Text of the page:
Catch of the fest

Joann Donangleo from Salinas won first place at the Great Garlic

– What started as a creative way to prepare an abundance of
salmon and halibut from a trip to Alaska turned into a Garlic
Festival Cook-off victory.
GILROY – What started as a creative way to prepare an abundance of salmon and halibut from a trip to Alaska turned into a Garlic Festival Cook-off victory.

Joann Donangleo of Salinas received her cook-off crown, a wreath of garlic, while her husband and two sons beamed up at her from the front-row bleachers.

“It’s great she won something that she loves to do,” said her son Mark, 13.

Her dish, grilled candied-garlic salmon on crispy rice noodles and baby Asian greens, wowed judge and Stinking Rose Restaurant chef Andrea Froncillo, who is usually not a fan of salmon.

“She made me eat something I usually don’t,” said Froncillo, who joked that he took one bite out of politeness and then couldn’t put his fork down. “She deserves to win.”

Donangleo beat out seven other finalists Saturday to claim the $1,000 first prize.

“I watched the Food Network and told my husband one day ‘I could do that,’ ” a surprised Donangleo said.

Fellow Northern Californian Ana Gachero, of Oakland, finished second with her grilled garlic shrimp over coconut rice with mango cucumber salad and guava dressing recipe. She won $750 and a rousing round of applause for her colorful dish.

While neither woman had ever entered a cooking competition, third-place winner Rosemary Johnson of Irondale, Ala., enters as many cooking contests as she can. She’ll take home $500 and fond memories of the Garlic Festival.

“I am just thrilled to be here,” Johnson said as she prepared her summer garden pie with chipotle cream.

Wearing a train engineer’s cap to show her hometown pride, she compared Irondale’s Whistle Stop Festival to the Gilroy Garlic Festival.

“We’re known as the railroad capital,” she said. “Our folks would never attempt this.”

Only 10,000 people attend the Irondale fest, she said, whereas, about 125,000 visit Gilroy’s garlic party each year.

Competition was stiff for the Great Garlic Cook-off, one of the nation’s premier cooking contests. More than 200 recipes were submitted.

The criteria for the contest were simple: at least six cloves of garlic and a recipe that serves six. A committee narrowed the selection to more than a dozen recipes that met the qualifications. Dee Carroll, nutritionist and cookbook author, prepared each dish in her kitchen. From there, Carroll chose the eight finalists and two alternates.

Carroll looked for dishes with creativity and variety that people could easily prepare in their own homes.

At the final contest, there were six celebrity judges – Carroll; Froncillo; Robert Mancuso, executive chef for the Sardine Factory Restaurant in Monterey; Evelyn Miliate, head chef of the Bel Air market in Gold River; Sara Schneider, senior food editor for Sunset Magazine; and Jay Minzer, chef at Abigael’s on Broadway in New York City.

The judges also looked at food presentation. Froncillo said the Food Network’s presence at the festival may have influenced the contestants’ increasingly detailed presentations of their dishes.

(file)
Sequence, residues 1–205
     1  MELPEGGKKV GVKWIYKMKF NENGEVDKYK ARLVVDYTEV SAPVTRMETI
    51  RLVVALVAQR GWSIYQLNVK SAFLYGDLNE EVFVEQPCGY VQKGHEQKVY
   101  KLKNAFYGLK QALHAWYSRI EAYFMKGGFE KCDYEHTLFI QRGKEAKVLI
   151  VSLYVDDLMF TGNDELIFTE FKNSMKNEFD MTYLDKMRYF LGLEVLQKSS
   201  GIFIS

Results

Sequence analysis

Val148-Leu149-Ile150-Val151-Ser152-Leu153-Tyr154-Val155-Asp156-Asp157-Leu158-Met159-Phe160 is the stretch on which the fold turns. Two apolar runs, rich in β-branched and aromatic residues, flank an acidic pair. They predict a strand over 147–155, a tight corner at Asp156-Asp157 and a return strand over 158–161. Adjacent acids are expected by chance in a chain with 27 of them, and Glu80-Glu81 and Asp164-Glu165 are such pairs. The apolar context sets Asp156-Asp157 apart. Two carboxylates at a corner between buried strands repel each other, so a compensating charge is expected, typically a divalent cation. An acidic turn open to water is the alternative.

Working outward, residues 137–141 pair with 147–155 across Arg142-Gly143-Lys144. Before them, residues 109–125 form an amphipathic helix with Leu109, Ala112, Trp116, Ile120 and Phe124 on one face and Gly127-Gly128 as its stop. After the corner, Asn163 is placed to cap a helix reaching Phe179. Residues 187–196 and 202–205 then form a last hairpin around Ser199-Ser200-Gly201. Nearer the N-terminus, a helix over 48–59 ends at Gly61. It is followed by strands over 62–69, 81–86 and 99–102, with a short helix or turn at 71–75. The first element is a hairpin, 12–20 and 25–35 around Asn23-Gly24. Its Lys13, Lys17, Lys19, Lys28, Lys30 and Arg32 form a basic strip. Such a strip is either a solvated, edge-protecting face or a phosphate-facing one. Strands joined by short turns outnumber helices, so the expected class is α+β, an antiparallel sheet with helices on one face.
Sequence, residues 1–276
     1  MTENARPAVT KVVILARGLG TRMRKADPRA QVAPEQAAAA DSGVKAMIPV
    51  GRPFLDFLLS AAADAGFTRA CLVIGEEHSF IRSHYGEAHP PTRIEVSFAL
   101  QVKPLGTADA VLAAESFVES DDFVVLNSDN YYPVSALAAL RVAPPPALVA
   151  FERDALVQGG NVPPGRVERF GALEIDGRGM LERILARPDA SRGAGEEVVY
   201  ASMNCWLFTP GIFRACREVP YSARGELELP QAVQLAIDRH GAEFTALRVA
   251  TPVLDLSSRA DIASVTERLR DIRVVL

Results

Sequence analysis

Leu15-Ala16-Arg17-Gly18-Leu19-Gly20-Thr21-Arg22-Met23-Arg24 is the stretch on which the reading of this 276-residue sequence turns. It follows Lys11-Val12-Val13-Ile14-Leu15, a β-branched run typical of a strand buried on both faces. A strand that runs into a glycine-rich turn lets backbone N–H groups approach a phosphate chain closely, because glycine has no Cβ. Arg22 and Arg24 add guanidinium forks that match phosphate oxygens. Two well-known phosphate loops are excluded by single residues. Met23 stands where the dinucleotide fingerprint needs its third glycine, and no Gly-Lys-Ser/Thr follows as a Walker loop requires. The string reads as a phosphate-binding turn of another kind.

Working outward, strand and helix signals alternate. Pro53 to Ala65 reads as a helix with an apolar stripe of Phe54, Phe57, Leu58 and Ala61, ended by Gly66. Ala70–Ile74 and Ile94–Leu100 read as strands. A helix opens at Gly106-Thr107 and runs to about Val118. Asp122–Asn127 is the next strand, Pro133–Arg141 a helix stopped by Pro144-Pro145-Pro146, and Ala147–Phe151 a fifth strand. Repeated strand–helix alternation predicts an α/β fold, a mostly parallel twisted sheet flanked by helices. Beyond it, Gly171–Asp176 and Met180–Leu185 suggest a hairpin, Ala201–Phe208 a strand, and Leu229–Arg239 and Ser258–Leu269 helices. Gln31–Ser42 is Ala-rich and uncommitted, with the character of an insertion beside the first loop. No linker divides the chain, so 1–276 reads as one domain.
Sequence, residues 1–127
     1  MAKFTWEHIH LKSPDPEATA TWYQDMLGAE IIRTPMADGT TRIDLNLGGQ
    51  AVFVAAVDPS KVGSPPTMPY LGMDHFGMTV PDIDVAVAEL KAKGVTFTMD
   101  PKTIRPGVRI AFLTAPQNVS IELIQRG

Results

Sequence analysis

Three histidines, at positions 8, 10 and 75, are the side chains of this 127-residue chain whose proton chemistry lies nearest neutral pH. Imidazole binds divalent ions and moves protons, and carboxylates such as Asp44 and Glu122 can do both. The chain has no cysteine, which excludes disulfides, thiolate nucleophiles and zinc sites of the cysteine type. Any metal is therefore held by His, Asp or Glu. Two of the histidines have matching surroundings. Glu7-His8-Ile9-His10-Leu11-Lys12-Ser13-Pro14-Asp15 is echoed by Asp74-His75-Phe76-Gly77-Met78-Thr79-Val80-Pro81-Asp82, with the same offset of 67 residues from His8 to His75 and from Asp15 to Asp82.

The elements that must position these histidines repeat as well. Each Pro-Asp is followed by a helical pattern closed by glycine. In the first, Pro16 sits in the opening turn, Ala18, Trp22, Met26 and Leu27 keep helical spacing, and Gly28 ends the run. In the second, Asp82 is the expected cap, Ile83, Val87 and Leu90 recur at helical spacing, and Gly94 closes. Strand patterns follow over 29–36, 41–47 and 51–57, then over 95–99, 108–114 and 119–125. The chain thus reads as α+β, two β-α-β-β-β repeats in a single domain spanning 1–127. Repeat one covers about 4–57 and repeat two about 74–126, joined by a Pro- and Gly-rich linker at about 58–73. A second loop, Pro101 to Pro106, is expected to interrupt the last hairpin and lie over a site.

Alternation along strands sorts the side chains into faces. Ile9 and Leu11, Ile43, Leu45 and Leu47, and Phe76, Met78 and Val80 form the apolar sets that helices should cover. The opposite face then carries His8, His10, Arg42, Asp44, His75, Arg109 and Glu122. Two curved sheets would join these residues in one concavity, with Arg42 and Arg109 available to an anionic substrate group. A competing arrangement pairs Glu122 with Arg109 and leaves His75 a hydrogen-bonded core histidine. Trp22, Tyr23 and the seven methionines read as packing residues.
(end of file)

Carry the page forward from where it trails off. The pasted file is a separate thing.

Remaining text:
“We’re trying to be clever here,” said Leona Pearce, of Carmichael, as she dotted the tray where she would place her garlic good crab cakes with seashells purchased at the dollar store.

Pearce’s creativity didn’t stop there. She had to borrow a knife from the hotel and a can opener at the cook-off, as well as measure some ingredients by hand because she forgot her measuring tools.

“I’m putting in one cup of bread crumbs,” she said laughing to the TV cameras. “I hope I’m putting in one cup of bread crumbs.”

Pearce competed in the cook-off 16 years ago when it was still held in the Gilroy High School kitchen. Then, there were no cameras, she said.

“This is big time.”

Unlike Pearce, Elaine Sweet, of Dallas, Texas, came organized.

“I got everything laid out last weekend,” said the cook-off veteran, who competed last year when Beth Royals of Richmond, Va., won. “If you’re not very well organized, you can get frazzled.”

She hoped her finnochio tuna with crispy vegetables and Gilroy garlic vinaigrette would be a winner this time around, especially with such a fancy name.

“Finnochio is the Italian word for fennel,” she said. “I thought that sounded better than fennel.”

Overall, judges remarked on how calm the contestants appeared as they prepared their dishes within the two-hour time limit.

“It seems pretty homey,” Froncillo said. “The way they’re doing it. They look pretty calm and relaxed.”

Donangleo said she was much more relaxed on the cook-off stage than when she was being interviewed on television the previous day. She was relieved to be cooking, but at the very end, she feared she had botched her recipe.

“I’d thought I’d over dressed the salad,” she said. “I’m not a big dressing fan.”

Schneider said Donangleo’s dish stood out to the judges, and the decision wasn’t too difficult.

“Just by reading the descriptions, I knew it was going to be very, very tough,” Schneider said. “The difference came in the execution of them.”

Ginger Mareno, of Rancho Palos Verdes, entered her stuffed garlic shrimp with garlic cream sauce, and Karen Nicholes McVarish, of Davis, prepared her garlic chicken and fruit ragout.

“(There’s) a serious amount of garlic,” Nicholes McVarish said of her recipe which used one-fourth cup garlic. “The challenge is to use that much and make it special.”

The only male competitor, George Medina, of Huntington Beach, prepared his chicken florentine risotto with garlic parmesan cream with Christopher Ranch minced garlic.

Judges urged the other competitors to try again next year.

But, when asked if she would enter another cooking contest, Donangleo said with a chuckle, “I don’t know, my stomach. I don’t know if I could handle this.”